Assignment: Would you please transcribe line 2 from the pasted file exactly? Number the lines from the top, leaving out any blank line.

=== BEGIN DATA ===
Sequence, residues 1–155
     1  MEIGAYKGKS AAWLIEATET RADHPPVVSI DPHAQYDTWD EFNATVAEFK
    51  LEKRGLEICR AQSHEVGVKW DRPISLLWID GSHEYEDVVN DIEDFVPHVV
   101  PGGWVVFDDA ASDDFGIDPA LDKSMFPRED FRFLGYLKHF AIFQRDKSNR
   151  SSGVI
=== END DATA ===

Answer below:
     1  MEIGAYKGKS AAWLIEATET RADHPPVVSI DPHAQYDTWD EFNATVAEFK